Excellent, classic U.S. coins generally withstand the tests of time and have been central to the culture of coin collecting in the U.S. for more than 150 years. Certainly, this does not mean that all collectors demand them or that alternative paths should not be considered. I maintain, however, that it is not a good idea for a non-expert to buy any coins he happens to like or to think whatever he wants about coins. If someone unknowingly buys coins that are common and/or have substantial problems, he or she is likely to be upset or discouraged at a later time.
This series is aimed, in large part, at collectors who are not sure how to build an excellent collection of classic U.S. coins. For someone who has not formulated a plan, or is considering changing paths, it is logical to acquire coins that many sophisticated collectors in the U.S. have strongly demanded for more than a half a century, or even for more than 150 years, and to assemble sets that most sophisticated collectors (and most relevant experts overall) find to be meaningful, sets that command respect.
The building of type sets is a relatively recent tradition that has certainly become widely accepted by experts and non-experts in the coin collecting community. Not all type sets are sensible, however, so a future discussion will be devoted to type sets. Collecting specific series ‘by date’ (and U.S. Mint location) is more traditional, though there was a time when U.S. Mint locations were ignored by collectors assembling sets of particular series of classic U.S. coins.
Another future discussion will focus on series of classic U.S. coins that may be collected ‘by date’ without spending a vast fortune, and how to choose such series. Factors involved in choosing and evaluating sets to collect are not secrets, though some explanation may be helpful to many collectors.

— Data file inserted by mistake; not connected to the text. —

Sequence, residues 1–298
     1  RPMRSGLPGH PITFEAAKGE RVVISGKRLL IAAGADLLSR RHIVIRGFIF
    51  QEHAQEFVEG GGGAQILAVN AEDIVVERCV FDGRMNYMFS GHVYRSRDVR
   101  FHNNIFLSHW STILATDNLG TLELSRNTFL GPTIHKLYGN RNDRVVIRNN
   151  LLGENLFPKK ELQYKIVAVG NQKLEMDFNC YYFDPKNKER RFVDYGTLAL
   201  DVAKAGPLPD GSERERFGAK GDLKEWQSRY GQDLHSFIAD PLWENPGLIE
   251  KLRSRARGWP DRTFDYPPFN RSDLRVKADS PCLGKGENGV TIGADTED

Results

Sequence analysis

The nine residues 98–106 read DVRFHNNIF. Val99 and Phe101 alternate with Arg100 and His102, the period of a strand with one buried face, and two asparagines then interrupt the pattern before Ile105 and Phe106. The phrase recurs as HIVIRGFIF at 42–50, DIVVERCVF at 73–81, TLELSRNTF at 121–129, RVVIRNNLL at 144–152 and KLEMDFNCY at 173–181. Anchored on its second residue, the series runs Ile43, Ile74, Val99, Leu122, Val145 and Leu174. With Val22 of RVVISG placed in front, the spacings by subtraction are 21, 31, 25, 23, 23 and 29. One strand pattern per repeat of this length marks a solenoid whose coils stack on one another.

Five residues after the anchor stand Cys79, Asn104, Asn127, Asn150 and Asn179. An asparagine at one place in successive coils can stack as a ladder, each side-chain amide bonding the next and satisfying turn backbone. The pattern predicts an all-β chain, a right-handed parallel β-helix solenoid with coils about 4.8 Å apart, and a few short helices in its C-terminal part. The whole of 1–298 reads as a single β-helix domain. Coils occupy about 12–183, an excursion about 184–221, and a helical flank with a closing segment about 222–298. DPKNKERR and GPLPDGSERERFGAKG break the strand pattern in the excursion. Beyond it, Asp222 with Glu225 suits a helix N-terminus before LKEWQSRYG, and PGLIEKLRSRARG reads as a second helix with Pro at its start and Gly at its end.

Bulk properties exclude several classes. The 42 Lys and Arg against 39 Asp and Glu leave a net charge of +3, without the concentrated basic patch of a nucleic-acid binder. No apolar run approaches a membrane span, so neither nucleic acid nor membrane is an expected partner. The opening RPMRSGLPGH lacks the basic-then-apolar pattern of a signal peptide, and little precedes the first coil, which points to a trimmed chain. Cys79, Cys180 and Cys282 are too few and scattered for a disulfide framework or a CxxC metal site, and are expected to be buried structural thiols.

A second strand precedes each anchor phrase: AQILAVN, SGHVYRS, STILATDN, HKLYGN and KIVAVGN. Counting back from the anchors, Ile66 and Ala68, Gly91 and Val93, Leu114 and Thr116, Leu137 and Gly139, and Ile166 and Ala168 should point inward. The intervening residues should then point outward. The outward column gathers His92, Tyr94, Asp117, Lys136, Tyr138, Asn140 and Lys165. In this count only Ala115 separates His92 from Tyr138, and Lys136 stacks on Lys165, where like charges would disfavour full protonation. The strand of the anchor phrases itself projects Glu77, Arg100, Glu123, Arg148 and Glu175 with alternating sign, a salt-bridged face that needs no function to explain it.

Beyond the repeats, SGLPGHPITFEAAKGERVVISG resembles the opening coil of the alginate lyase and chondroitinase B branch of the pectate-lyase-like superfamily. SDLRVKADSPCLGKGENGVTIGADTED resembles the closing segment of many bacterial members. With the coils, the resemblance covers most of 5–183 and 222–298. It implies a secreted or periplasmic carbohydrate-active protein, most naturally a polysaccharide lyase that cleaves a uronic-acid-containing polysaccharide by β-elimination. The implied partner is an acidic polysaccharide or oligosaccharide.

The criteria for identifying excellent, classic U.S. coins are not based upon my personal opinions. The criteria evolved over a period of more than 125 years. The notion that the Eliasberg, Norweb, Garrett, Pittman, Cleneay, Earle, Stickney, J. A. Stack, Parmelee, and Starr Collections are all among the fifteen all-time best collections of U.S. coins ever to be auctioned, with Eliasberg’s collection being the best, is not merely an opinion, and is consistent with widely held conclusions. Indeed, this notion is a reality.
While people may disagree with prevailing values and rules in any cultural realm, it is a fact that some values and rules prevail, not an opinion. It is a fact, for example, that tens of thousands of people seek to complete sets of large cents and, ever since the 1850s, large cents of 1799 have been recognized as being rare and are highly coveted. It is a fact that many serious collectors now, and in the past, wish to complete sets of Liberty Seated Silver Dollars. It is also a fact that the 1870-S Liberty Seated Dollar is the key to this series and is the rarest business strike silver dollar. If someone said that his 1881-S silver dollar is more important than an 1870-S silver dollar, such a statement would be objectively wrong; such a matter is not one of opinion.
How would I know the criteria for identifying, interpreting and evaluating, rare U.S. coins and meaningful collections? I have been collecting coins, on and off, since I was five years old. I have been reading about truly rare coins since I was seven years old. I have been analyzing individual rare coins and auctions of rare U.S. coins for more than twenty years. I have personally examined a large percentage of the classic, very rare U.S. coins in existence, including quite a number of Great Rarities.
Indeed, I am the only person who has closely examined thousands of rarities in all series of classic U.S. coins (usually with a magnifying glass), has extensively reviewed dozens of major coin auctions for leading publications (including epic sales), has learned about the physical characteristics of coins from foremost experts like David Akers and John Albanese (among others), AND has researched the history of coin collecting in the U.S.
For example, I have examined eight of the nine known 1870-S Liberty Seated Dollars. I have seen four of the five known 1885 Trade Dollars, and held three of these four. In a recent condition ranking of 1894-S dimes, I explain that I have examined six of these.